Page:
Tel Aviv University, Department for Neurobiology, Life Sciences Faculty
"The Molecular Mechanisms of Synaptic Function Under Normal and Pathological Conditions"
The human brain is composed of more than a trillion (1012) nerve cells whose signal-carrying protrusions are interconnected at special points of contact called synapses. Neurotransmitter release at the synapse is a multi-step process that is coordinated by a large number of synaptic proteins and depends on proper protein-protein interactions. Modulation of these processes is believed to underlie the processes of learning and memory. Our main interest is to study the molecular mechanisms of these processes under normal conditions and during neurodegenerative diseases such as Huntington and Alzheimer diseases. In the last years we have been investigating the function of key synaptic proteins in this process using molecular biology, electrophysiology, biochemistry, imaging and computer simulation techniques. To that aim we took advantage of a unique experimental approach that allows efficient manipulations of the level and composition of specific proteins in define neurons, using transgenic mice model and overexpression systems. The approach allows studying structure-function relationships of synaptic proteins and their role in normal and pathological conditions. We perform detail electrophysiological and fluorescent measurements from specific neurons from specific area of the mouse brain and compare the phenotype to neurons expressing the different mutated proteins. Currently, we investigate the function of Munc13, Munc18, tomosyn, PLD and DOC2 in exocytosis.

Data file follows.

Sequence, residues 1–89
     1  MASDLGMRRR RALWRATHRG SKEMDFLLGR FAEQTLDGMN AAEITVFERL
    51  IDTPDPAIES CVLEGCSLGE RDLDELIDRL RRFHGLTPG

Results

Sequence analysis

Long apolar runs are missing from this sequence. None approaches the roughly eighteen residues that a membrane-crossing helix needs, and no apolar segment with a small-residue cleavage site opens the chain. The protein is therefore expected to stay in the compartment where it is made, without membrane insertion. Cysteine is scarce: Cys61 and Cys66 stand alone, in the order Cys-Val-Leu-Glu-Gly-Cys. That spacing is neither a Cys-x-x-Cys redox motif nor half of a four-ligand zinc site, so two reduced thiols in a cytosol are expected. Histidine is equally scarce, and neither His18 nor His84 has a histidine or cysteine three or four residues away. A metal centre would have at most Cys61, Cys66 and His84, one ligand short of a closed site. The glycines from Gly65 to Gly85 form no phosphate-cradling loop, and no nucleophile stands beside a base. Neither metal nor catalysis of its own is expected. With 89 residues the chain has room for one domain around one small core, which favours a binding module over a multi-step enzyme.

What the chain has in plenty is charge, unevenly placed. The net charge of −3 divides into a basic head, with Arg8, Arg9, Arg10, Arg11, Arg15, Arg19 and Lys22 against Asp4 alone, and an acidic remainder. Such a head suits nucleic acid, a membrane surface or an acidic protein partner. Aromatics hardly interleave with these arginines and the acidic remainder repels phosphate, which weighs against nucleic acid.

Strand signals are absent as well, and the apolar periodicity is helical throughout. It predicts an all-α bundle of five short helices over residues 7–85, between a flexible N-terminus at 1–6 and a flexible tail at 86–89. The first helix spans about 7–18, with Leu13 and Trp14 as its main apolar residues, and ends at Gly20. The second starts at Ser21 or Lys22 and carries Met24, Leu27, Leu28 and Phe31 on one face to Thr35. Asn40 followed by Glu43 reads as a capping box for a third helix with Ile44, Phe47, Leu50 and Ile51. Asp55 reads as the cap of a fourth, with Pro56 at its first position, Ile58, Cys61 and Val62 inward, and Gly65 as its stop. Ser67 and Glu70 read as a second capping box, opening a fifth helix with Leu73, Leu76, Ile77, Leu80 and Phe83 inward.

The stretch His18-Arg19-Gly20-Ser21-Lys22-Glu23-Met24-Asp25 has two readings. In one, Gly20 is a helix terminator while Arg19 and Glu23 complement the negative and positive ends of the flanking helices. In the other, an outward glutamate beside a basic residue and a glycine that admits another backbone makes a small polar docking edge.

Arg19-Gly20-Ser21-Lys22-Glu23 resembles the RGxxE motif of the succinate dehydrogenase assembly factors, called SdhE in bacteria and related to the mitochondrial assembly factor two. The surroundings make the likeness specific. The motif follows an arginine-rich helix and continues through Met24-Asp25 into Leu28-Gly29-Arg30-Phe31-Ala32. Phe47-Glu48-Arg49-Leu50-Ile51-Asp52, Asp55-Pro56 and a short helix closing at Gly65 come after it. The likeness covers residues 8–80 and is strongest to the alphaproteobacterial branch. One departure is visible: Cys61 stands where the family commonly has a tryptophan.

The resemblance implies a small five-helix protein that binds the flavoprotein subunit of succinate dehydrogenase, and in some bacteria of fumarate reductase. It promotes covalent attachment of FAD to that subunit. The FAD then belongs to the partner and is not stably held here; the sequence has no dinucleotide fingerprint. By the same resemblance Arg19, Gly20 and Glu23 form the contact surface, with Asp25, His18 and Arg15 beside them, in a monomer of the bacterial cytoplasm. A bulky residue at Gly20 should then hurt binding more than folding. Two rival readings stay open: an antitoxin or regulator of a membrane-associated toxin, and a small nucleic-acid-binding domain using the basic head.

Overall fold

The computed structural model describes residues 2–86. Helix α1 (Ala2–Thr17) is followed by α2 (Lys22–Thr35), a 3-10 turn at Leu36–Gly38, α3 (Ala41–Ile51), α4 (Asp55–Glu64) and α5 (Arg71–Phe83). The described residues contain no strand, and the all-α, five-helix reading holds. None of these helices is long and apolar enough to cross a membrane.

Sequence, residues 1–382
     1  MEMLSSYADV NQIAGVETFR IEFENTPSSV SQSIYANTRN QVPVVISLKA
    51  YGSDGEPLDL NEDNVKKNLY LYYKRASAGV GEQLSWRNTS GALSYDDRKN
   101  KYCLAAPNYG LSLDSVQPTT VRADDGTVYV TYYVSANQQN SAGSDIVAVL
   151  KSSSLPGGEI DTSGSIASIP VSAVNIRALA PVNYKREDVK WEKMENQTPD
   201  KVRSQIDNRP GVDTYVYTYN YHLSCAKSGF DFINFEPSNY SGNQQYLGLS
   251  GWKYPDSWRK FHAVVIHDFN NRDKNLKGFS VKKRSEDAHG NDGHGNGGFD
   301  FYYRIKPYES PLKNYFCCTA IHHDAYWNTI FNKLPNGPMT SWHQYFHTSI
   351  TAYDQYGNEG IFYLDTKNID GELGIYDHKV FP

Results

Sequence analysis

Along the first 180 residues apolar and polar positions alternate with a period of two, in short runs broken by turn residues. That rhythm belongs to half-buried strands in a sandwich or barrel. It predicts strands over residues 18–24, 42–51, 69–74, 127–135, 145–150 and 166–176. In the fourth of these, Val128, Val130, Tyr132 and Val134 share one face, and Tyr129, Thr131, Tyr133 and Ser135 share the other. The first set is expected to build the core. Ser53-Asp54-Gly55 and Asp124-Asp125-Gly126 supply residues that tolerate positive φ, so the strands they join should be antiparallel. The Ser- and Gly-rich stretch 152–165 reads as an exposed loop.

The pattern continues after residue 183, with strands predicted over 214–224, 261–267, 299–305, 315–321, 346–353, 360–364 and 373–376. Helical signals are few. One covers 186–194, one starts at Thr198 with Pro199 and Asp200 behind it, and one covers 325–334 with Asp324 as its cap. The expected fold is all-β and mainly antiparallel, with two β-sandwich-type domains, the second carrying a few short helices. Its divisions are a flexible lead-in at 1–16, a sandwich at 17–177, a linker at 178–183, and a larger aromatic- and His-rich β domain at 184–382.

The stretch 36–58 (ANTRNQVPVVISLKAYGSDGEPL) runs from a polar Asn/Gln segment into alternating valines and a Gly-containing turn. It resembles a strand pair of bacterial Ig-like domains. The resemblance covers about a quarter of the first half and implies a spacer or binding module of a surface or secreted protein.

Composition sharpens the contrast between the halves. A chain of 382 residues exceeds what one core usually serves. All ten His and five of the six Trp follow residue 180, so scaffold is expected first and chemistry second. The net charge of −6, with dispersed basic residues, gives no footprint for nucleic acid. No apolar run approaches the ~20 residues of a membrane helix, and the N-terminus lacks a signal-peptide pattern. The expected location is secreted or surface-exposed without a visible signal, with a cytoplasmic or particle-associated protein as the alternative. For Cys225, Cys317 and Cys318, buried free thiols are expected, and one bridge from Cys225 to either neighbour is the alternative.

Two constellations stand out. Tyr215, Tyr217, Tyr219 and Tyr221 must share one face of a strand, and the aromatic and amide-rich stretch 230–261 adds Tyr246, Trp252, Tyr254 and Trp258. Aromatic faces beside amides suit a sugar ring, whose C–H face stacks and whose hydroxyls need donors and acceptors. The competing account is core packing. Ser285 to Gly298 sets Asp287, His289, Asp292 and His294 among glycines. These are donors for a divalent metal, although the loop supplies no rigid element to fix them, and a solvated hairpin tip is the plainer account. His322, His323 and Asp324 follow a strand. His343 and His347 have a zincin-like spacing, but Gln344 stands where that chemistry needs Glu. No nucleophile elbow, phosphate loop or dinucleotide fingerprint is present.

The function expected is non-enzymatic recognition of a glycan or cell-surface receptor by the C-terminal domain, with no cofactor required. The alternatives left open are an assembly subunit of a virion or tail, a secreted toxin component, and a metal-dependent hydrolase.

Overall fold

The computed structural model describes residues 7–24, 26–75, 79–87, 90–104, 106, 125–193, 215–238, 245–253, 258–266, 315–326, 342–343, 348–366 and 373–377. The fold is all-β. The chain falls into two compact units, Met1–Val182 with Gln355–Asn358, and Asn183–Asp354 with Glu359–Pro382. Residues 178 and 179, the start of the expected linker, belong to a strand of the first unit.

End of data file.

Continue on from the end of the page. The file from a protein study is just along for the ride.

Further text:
In addition we have developed a novel simulation program that describes the process of exocytosis as dynamic interactions between synaptic proteins. This study provides an excellent platform to predict and quantify the effects of protein manipulations on exocytosis. We have started to expend this approach and our long-term goal is to develop a general methodology that will allow modeling the dynamics of complex interactions of hundreds of proteins in processes like signal transduction or neuronal communication. This will provide researchers from the biomedical field with a tool to understand how large sets of proteins assemble together to execute cellular processes. These models once available, can be used to test possible strategies for altering or bypassing specific steps in these processes during pathological conditions, thus allowing efficient curing and recovery of diseases.
Updated Details January 2011 :
Prof. Uri Ashery, Ph.D.
Chair, Department of Neurobiology.
Head, Interdisciplinary Doctoral Program for Neuroscience (IDPN)
Dept. of Neurobiology
Sherman building room 719
The George S. Wise Faculty of Life Sciences
Tel-Aviv University, Ramat Aviv
Tel Aviv 69978
PhD Program: http://neuroscience.tau.ac.il/IDPN/